When they should have proper evidence, the FCA simply do not have it.

  5. But whilst they are working this all out they seem to be letting other matters slip.

    Last November I applied for a variation to change to Ltd company status and when I chased it up a week ago I was told that they’re busy and they had yet to allocate a case officer!

    Because they can’t run their business I am unable to run my business.

  6. The regulators don’t do proactive, they do reactive….many years later.

  7. But how much of that PPI workload relates to recent sales, and how much is historic.

    Also if you play the game, you get cover when it is needed, and then a full refund with interest.

    Then they wonder why so many people complain. Also the FCA probably do not get constant cold calls from CMC’s.

  8. With customers receiving constant cold calls from CMC’s surprise surprise there are lots of PPI complaints.

    The customer also gets the cover needed and a full refund plus interest.

  9. The industrial scale mis-selling of PPI is a perhaps the most shameful example of the FSA having issued guidelines as to how that particular product should be sold and then making virtually no effort to check whether those guidelines were being followed in practice. The banks et al ran amok and, through lack of action, the FSA just stood by and allowed it to happen. What is the use of drawing up a set of procedural guidelines if no effort is made to police those guidelines? That’s fundamental dereliction of duty, is it not?

    And, as ever, what is the use of the RMA Returns if nobody at the FCA ever examines what’s in them? It didn’t even check whether firms selling UCI Schemes had in place appropriate PII cover to do so. Firms can make up any old data to enter on their returns and, provided the totals cross-tally, that’s it for another year. They’re just another pointless imposition on the regulated community that the FCA can’t even be bothered to attempt to justify beyond describing them as “pragmatic”.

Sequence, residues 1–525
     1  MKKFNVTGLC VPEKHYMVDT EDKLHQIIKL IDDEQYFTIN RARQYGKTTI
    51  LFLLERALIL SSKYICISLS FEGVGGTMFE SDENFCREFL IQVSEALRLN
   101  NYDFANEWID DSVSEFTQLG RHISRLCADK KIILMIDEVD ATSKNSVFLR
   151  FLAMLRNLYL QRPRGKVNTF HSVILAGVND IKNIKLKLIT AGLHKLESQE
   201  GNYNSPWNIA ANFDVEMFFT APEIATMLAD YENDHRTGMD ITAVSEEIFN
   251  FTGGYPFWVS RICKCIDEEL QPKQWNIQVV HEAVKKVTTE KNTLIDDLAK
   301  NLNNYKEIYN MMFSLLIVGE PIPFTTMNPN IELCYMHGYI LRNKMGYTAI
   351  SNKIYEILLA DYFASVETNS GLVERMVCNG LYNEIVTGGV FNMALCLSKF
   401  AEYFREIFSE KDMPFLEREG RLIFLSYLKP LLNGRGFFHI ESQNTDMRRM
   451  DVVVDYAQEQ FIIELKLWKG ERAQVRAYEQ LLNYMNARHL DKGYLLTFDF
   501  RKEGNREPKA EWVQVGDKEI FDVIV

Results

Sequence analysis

What does the NAO propose doing to tackle the failings it’s discovered? Furrowed brows and a bit of finger-wagging and tut-tutting are all very well but what is the FCA going to be directed to do to put things right?

  10. Regulation will only work on those with ethics. Those without ethics will not be afraid, will not apply the regulation and the real unfair outcome is, those that apply the regulation correctly, are honest and have ethics land up paying.

    The only way regulation will work like any problem is to get under the skin, under the bonnet of the provider, the adviser and the companies. In other words to use the date received and then fiscally visit and inspect those high risk indictors, to understand and to prevent poor outcomes as soon as possible.

    This to my mind is the biggest failing of all regulators, that even when they do identify and visit, we then read years later we have to pay out yet again for a failed product or investment they knew about.

    • Yes but Martin, visits are rarely necessary, unless to interview and even then, people can be summoned to Canary Wharf as Julian has said above they already, the bloody info is in the RMARs we submit, F..k know’s what they do with all this data ? to me, it seems they just sit around waiting for something to happen which in turn prompts a “thematic” review !!! and by this time its as always, far to late.